Will At-Home STD Tests Spread Like the Clap?

The 'Uber for At-Home Healthcare' promotes house calls to detect Chlamydia and more

Want to take an STD test in the privacy of your own home? Pager can help.

Want to take an STD test in the privacy of your own home? Pager can help. (Screenshot: Pager)

Pager, the Uber for home health care, has offered testing for sexually transmitted diseases since it began operating in New York City. This service was not prominently featured in their advertising, however.

“We wanted people to realize it was something we could help them do,” Dr. Jasper Schmidt, Pager’s medical director, told the Observer. “It was something people wanted for privacy reasons. But we weren’t sure if we should let the service be organic or market it independently.”

Since June 27 is National HIV Testing Day, however, the company decided to publicize the service this week. Pager offers testing for HIV, chlamydia, gonorrhea, syphilis, herpes, urinary tract infections and hepatitis B and C.

“It was a good time to let people know the option was there,” Dr. Schmidt said.

Each test is customized for the patient’s needs—some tests which require a urine sample or rectal or throat swab can be performed by the patient themselves, and physicians can draw blood samples if necessary.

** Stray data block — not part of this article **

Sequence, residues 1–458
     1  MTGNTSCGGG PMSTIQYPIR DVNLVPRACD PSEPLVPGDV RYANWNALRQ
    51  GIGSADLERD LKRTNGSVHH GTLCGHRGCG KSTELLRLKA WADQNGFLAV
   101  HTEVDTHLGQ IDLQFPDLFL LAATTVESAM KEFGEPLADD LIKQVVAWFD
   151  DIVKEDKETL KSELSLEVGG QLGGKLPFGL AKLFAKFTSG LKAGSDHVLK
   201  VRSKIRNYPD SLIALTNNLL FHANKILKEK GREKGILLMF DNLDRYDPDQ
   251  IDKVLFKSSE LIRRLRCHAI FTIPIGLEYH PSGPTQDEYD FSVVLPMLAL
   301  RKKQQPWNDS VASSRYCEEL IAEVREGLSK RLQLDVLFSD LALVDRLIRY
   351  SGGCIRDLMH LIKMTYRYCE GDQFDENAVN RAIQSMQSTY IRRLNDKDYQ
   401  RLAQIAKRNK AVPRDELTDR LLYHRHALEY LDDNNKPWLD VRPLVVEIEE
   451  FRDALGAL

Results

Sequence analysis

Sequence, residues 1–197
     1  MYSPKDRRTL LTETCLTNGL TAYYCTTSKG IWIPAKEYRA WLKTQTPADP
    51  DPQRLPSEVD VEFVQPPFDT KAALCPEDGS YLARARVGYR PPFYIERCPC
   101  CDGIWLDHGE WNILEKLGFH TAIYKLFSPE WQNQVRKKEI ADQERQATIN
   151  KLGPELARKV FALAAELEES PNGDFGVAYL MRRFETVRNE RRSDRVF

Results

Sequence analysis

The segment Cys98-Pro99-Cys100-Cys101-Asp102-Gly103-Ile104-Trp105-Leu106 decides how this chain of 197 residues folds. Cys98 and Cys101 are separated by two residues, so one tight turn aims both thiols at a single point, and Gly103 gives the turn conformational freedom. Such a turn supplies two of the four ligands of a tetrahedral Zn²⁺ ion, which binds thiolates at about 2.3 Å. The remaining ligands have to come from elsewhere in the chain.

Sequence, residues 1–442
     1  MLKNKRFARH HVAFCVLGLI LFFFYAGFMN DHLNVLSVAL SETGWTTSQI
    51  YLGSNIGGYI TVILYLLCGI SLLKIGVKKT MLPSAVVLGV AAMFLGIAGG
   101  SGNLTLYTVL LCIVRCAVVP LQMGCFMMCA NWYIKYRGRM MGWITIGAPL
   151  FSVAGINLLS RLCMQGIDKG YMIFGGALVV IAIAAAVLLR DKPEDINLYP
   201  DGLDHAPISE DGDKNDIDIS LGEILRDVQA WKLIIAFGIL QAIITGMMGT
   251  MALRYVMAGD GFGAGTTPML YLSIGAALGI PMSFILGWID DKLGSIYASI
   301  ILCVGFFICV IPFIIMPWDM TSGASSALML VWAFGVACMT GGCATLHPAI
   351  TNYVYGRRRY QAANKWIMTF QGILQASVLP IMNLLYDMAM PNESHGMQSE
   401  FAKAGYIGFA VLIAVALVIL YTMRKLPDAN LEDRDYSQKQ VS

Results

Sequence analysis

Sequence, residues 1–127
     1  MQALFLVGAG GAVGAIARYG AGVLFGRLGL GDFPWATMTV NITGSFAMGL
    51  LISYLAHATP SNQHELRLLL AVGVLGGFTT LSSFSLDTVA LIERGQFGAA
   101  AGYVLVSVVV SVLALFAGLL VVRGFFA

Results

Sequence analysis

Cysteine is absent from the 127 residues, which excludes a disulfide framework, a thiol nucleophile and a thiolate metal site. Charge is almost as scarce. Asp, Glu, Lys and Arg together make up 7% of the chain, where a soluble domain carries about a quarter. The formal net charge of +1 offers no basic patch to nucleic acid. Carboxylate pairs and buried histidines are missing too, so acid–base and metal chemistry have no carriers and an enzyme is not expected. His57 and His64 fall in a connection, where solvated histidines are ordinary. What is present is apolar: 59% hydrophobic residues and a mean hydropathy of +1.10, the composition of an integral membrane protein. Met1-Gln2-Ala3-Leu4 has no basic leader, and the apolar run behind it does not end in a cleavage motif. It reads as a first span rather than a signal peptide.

No matter the type of test or infection, however, a Pager doctor or nurse comes to the patient’s home to collect the sample—the bodily fluid is stored inside a sterile container and transported directly to a LabCorp or Quest Diagnostics lab.

Dr. John Papp, epidemiologist in the Division of STD Prevention for the Centers for Disease Control and Prevention, told the Observer that safe home testing procedures like these were valuable tools in the fight against STDs.

“With an estimated 20 million new STDs acquired in the U.S. each year it is important to develop new and rapid ways to test for these infections so that effective treatment can be administered without delay,” Dr. Papp said in an email. “CDC supports safe, effective innovation for diagnosing STDs.”

Will At-Home STD Tests Spread Like the Clap?